We can now be on the cusp of an age for large state-led programmes to fix the roads and build the dams for the age of broadband, mass migration, climate change and peak oil. Existentially, the challenges are the same. Our legacy is unbuilt, yet.

John Barry said...

Thanks for the comments on the post.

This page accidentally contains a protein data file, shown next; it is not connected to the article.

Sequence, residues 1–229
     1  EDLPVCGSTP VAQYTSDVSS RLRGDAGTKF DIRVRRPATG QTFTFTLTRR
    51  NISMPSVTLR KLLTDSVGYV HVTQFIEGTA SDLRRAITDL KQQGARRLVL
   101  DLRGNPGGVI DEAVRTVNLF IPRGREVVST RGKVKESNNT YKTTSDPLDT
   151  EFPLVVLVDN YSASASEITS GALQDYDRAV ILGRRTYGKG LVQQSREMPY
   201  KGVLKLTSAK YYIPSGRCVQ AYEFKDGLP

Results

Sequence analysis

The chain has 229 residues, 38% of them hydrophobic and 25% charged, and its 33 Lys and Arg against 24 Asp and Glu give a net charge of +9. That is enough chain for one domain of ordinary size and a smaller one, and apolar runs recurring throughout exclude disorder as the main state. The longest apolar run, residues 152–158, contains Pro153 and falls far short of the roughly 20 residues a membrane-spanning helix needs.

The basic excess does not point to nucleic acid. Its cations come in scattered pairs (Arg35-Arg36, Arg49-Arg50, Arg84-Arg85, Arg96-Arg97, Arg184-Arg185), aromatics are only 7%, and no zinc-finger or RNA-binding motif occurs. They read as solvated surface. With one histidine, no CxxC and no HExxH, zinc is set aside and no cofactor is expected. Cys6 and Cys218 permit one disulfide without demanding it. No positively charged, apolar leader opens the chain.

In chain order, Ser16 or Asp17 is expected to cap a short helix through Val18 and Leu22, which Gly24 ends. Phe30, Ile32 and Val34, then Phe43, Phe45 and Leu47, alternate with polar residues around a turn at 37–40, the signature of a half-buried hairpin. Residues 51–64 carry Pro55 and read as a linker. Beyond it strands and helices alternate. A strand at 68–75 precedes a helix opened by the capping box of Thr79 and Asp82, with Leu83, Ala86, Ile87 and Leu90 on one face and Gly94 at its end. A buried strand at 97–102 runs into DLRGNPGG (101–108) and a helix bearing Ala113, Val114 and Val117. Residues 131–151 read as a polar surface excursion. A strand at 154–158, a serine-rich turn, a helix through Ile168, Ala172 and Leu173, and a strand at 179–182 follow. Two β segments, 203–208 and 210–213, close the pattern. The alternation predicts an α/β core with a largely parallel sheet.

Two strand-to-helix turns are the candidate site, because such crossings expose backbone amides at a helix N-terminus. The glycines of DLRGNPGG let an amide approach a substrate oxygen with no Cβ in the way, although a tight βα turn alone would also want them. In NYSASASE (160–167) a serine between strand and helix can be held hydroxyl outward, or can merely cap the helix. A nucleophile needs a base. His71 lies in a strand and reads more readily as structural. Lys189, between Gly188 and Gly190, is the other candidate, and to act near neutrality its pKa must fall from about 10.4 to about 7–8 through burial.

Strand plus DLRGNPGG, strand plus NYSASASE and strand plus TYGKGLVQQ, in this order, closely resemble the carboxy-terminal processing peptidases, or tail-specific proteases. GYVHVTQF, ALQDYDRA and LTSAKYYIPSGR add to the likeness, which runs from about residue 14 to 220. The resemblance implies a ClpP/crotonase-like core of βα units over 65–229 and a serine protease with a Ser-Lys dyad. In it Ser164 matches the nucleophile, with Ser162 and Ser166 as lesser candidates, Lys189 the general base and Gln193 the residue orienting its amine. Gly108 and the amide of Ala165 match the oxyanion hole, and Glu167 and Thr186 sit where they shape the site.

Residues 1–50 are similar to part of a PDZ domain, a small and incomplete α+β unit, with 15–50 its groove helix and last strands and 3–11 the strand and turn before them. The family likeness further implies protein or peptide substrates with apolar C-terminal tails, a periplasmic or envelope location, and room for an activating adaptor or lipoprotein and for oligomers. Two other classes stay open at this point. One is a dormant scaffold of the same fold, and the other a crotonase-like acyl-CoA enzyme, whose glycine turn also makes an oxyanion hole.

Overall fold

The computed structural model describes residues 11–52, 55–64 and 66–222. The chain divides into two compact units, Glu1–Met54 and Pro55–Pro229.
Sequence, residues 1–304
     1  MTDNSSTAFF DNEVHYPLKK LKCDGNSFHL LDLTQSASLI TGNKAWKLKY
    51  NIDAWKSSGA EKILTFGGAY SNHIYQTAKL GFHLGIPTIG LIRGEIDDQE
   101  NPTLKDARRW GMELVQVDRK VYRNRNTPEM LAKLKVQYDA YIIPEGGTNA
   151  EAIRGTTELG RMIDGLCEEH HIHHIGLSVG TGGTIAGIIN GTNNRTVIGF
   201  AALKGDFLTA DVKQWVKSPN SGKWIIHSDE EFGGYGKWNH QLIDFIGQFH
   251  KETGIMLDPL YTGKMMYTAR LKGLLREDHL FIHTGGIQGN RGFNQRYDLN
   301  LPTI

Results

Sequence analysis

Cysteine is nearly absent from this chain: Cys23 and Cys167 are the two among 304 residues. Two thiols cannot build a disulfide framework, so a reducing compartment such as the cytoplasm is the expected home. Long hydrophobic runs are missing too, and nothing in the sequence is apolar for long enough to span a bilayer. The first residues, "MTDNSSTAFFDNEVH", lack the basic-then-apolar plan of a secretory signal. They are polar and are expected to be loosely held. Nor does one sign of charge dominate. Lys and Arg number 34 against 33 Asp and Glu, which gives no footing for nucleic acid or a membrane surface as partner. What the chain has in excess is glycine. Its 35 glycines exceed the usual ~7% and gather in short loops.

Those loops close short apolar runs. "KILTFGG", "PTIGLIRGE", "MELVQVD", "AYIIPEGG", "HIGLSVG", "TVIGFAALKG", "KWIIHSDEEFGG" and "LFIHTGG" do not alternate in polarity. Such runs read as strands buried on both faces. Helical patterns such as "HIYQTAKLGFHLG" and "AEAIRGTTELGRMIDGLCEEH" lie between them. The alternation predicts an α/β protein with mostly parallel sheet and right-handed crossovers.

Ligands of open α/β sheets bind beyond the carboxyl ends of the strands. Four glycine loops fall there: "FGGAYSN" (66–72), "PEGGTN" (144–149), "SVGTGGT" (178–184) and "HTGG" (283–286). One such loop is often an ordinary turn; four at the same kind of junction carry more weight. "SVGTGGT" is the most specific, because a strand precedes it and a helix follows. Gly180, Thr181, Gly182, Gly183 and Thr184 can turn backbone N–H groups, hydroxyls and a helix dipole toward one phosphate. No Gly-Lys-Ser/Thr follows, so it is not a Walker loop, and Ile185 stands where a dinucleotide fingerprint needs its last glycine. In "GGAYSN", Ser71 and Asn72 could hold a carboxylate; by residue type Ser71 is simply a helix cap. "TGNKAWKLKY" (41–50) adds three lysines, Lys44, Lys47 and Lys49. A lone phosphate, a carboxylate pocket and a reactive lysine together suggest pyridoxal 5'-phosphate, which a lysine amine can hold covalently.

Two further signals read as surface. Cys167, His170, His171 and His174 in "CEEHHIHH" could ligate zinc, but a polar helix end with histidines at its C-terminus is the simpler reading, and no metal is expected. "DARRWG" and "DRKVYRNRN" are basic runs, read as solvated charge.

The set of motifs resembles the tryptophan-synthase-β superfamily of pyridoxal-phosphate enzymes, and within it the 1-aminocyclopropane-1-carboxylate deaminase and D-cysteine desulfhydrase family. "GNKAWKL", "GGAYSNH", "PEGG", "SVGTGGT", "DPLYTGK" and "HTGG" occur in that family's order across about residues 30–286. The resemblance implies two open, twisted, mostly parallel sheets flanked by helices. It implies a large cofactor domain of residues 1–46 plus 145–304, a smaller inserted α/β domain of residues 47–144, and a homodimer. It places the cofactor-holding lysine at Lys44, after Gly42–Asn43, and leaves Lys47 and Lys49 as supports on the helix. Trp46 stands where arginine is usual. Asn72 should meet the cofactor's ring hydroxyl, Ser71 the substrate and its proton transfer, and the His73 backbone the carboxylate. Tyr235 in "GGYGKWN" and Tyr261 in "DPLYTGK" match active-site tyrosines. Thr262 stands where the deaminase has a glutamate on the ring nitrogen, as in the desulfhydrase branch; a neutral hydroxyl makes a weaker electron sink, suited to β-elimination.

Slí Eile...couldn't agree more about the need for universities to once again become places for progressive and radical thinking and acting on democracy, citizenship, equality etc. Perhaps what we need is to link like-minded academics together to have the courage to do this type of engagement - 'teach ins' for the 21st century, inviting local communities into the university etc.'re right about the rhetorical or 'greenwash' way in which a Green New Deal could be mouthed by those who haven't a clue what it means (beyond being the latest buzzword that seems to be doing the rounds amongst the chattering classes etc.). I agree with the direction you discern in the 'social' logic of the Green New Deal - namely in a form of Green Keynesianism, a 'green(ing) state' regulating and co-ordinating 'commanding heights' (?!) of the economy since we cannot leave these major paradigm-shifting decisions to the vageries of the unfettered market. But neither is a GND a form of 'green statism' but, in my view, an as yet tried blend of community/civil society, state and market formation in which the state regulates the market in the interest of and responsive to the needs and wishes of the people. Corny sounding perhaps, but none the less attractive and needed for all that. While there are lots of detail in terms of policy to be filled in here about how a GND would work, at this stage, again in my view, its more the visionary and empowering aspect of the GND vision and aspirations it unlocks for this island nation (I'm including Northern Ireland as part of any viable GND).